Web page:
“I thought he had a lot of talent, and I loved working with him, but I really feel good about taking him to this level,” Lukas said in the post-Preakness press conference.

“A couple of weeks ago he rode one not so pretty, and I followed him all the way through the tunnel, all the way up the steps to the jocks' room, and I chewed him out.

“I said, you'll be back in Puerto Rico picking oranges if you're going to ride like that.”

Torres and Lukas hoist the trophy after the Preakness

Young jockey Jaime Torres and 88-year-old Hall of Fame trainer D. Wayne Lukas teamed up to win the Preakness (Photo by Horsephotos.com)

That’s why Lukas will always be respected as “The Coach.” A legacy from his early days as a basketball coach, Lukas has brought that philosophy into his barn, nurturing both equine and human talent alike. His former assistants have gone on to build outstanding careers as trainers in their own right, including fellow Hall of Famer Todd Pletcher, Dallas Stewart, Kiaran McLaughlin, Mike Maker, and Mark Hennig.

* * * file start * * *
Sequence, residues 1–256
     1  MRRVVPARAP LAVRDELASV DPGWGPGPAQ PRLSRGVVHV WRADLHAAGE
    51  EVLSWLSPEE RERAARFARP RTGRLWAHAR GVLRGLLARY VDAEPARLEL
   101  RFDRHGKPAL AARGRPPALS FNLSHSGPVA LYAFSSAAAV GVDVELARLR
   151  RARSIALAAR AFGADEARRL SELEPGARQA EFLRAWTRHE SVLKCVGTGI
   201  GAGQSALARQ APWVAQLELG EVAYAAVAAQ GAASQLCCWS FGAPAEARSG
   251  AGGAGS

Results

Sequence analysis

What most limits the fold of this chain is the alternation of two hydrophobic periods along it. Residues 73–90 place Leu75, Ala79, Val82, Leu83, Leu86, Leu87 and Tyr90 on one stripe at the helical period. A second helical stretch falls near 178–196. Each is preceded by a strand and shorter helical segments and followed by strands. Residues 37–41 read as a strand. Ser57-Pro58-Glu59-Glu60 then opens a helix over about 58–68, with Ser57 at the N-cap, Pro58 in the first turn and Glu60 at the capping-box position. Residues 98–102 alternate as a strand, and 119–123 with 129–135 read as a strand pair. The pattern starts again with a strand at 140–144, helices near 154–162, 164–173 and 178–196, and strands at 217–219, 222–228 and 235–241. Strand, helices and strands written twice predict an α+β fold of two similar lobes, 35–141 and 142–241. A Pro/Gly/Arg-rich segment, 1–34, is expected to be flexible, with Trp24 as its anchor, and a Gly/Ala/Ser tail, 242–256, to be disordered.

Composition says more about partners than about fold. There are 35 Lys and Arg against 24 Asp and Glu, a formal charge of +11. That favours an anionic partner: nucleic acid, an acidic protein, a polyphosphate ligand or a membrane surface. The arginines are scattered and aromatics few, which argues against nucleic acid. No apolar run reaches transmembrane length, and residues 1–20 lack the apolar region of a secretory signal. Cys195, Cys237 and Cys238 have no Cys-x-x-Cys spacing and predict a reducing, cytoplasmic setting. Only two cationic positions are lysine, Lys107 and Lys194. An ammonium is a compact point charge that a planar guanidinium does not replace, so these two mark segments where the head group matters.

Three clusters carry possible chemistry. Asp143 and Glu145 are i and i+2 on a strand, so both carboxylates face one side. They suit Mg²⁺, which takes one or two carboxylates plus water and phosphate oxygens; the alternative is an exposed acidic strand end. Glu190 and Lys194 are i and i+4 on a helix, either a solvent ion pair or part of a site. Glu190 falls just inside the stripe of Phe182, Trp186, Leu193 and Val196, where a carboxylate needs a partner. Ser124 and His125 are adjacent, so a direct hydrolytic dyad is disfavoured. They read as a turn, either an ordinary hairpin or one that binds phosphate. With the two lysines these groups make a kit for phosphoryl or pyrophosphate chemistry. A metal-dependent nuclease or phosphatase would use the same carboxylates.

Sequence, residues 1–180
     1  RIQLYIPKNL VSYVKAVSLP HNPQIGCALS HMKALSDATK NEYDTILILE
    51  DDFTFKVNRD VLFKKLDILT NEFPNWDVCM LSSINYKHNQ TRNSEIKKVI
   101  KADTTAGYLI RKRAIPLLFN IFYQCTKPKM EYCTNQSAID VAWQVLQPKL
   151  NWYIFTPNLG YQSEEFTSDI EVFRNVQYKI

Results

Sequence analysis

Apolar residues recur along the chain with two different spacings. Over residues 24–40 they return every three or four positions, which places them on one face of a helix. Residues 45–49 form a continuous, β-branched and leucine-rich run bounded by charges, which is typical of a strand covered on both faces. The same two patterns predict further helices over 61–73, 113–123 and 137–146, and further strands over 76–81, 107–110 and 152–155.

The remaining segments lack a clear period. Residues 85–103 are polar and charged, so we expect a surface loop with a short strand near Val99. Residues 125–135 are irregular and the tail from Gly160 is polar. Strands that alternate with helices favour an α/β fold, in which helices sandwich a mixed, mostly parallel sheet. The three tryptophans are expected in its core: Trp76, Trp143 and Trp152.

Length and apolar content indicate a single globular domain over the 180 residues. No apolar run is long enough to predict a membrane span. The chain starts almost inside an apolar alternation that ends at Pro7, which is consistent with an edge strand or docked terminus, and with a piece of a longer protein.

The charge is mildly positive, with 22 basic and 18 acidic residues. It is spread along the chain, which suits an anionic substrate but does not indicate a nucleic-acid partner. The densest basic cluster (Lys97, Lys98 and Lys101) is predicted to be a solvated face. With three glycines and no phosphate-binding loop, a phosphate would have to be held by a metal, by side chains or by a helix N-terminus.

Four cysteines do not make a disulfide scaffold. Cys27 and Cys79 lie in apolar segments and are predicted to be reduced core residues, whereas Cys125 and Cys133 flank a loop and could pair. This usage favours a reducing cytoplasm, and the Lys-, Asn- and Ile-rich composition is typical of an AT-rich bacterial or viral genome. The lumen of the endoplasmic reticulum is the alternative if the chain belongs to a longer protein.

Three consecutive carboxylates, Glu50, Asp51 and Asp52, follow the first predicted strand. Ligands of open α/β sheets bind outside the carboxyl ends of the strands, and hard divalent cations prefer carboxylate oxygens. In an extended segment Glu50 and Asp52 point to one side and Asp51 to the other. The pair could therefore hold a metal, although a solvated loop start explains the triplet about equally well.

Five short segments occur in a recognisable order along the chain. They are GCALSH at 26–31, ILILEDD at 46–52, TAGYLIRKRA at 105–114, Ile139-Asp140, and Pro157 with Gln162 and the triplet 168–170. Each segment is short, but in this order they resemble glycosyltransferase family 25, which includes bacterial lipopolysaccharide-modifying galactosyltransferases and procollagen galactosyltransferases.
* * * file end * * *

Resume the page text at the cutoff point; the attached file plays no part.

“I want him to be better than he thinks he can be,” Lukas said of his “coaching” of Torres. “I always push that to him. I'm going to push you. I want you to do more than you actually think you can do and I want you to be better than you think you can be. I want you to really, really dedicate yourself.”

Torres has responded to the Coach’s motivation. Delivering a perfectly-judged, front-running ride on Seize the Grey, he scored a new career high for himself in the Preakness, and put Lukas in the record book as the oldest trainer to win a Triple Crown race. Torres was emulating Cordero and Stevens, who both contributed to Lukas’s overall tally of 15 classic wins. 

In the excitement of the moment, Torres didn’t overlook his agent, Liz Morris, wishing her happy birthday in the press conference. 

“For us it means a lot,” Torres said on behalf of his family as well. “We have no words to describe it. 

“We are just blessed by God. Blessed by God, and we are helped – like we are helped for a lot of people. And thank you, Wayne.”